I have built my career of service and leadership from my narrative. I have been involved in politics since I was 17-years-old and noticed that I was often the only youth of color. I knew youth of color either weren’t interested in civic engagement or they didn’t have a conduit to civically engage in our communities. Due to being one of a few Blacks within academic, political, and professional spaces, I created an organization entitled Young Aspiring Americans for Social and Political Activism (YAASPA). Due to my converging interests in education and policy, I also teach Ethnic Studies and Political Science as an Adjunct Faculty. I am also pursuing a PhD in Higher Education with a Public Policy and Curriculum and Instruction emphasis at the University of Denver. By reflecting upon my counter-narrative, I was able to place “my story” into a larger sociopolitical context that reflects not just “my story,” but that of many youth of color. I desire to deepen, further develop, and expand “healing praxis” for more youth and professionals within the public service sector. I believe that those who commit to transformational justice and equity must validate and innovate academic and career experiences that will sustain, retain, and rejuvenate youth and professionals of color who commit to “transformational praxis.”
WHAT’S YOUR BIG DREAM FOR THE ORGANIZATION AND THE IMPACT YOU WANT TO MAKE?
Our scope of work will allow us to model our mission in action. The blending of education and activism is necessary due to the socialization of our youth in schooling systems that did not have students of color in mind. With that said, we must do the necessary educational work through our courses to support students in better understanding themselves amidst our sociopolitical environment and how the racialization of their experiences impacts their activism. Without this necessary time and space for students, their activism can be damaging and negatively impacted. Furthermore, their activism stemming from their lived experiences is critical to the work so that they can be a partner in leading YAASPA’s policy footprint and interactions in civic spaces as well.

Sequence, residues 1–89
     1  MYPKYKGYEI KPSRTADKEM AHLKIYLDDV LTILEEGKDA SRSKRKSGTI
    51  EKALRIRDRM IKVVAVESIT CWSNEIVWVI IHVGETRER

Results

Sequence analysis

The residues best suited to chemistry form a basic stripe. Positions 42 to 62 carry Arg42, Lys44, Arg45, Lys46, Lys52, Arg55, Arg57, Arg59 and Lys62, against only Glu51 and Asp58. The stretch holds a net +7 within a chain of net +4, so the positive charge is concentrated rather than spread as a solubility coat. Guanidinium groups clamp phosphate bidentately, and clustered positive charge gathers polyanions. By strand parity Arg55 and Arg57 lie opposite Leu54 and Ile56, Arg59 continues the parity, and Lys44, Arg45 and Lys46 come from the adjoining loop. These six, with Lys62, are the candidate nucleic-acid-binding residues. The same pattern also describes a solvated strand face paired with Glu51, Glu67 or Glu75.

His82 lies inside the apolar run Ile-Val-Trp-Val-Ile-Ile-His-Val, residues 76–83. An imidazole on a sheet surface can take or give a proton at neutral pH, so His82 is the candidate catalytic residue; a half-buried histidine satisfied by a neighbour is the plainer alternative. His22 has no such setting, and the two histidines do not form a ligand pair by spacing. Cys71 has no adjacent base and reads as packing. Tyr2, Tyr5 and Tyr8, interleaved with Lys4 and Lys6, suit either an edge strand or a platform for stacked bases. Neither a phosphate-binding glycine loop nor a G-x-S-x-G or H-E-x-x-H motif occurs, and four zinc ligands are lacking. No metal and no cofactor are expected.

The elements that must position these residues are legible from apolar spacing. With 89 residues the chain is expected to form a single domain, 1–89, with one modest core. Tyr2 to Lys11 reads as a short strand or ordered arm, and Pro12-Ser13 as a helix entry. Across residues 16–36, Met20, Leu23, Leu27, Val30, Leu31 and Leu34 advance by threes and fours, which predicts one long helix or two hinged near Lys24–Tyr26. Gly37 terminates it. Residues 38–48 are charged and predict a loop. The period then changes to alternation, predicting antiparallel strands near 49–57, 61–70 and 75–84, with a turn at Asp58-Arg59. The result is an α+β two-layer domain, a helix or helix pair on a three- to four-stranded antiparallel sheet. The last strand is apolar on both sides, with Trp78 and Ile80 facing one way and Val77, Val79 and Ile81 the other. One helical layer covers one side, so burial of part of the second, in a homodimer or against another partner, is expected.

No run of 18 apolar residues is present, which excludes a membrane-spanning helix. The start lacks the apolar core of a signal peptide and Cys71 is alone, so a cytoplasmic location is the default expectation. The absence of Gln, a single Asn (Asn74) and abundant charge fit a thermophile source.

We hope for our students to be confident in bringing their full authentic selves into civic and educational spaces to “redefine the standards to pull down the barriers.” In doing so, we can change the ecosystem to not simply reflect more compositional diversity, but also diversity of thought with racial, civic, and educational equity in mind centering those most impacted by inequity.
WHAT RESOURCES DO YOU NEED TO MAKE THOSE DREAMS COME TRUE?
We are always in need of volunteer support, programming connections within the area of social sciences, and financial resources.
WHAT IS (OR HAS BEEN) YOUR BIGGEST CHALLENGE?
One of the major challenges is that our youth are being socialized into a colorblind K12 system often times which can make it difficult for them to remove the veil and lean into race consciousness. Colorblind racism sometimes has an impact on navigating school-based partnerships as well.
WHAT WORDS OF ADVICE DO YOU HAVE FOR OTHER LEADERS LOOKING TO MAKE AN IMPACT?
Be your authentic self in your journey and lean into a willingness to engage in self-care. We must do our own self-work within ourselves and with our teams if we expect those we partner with in community to do so. We must model what transformational justice with healing looks like alongside and within community and have a willingness to work in solidarity with a collectivist mindset rather than working in a silo because our youth and communities deserve this. Lastly, we must ensure there is reciprocity built into your work internally and externally with partnerships, so that a sense of interdependence is maintained.
HOW CAN OTHERS SUPPORT YOU OR YOUR CAUSE?
Please contact us to volunteer your time, lend your expertise for our programs, and/or donate at yaaspa.org.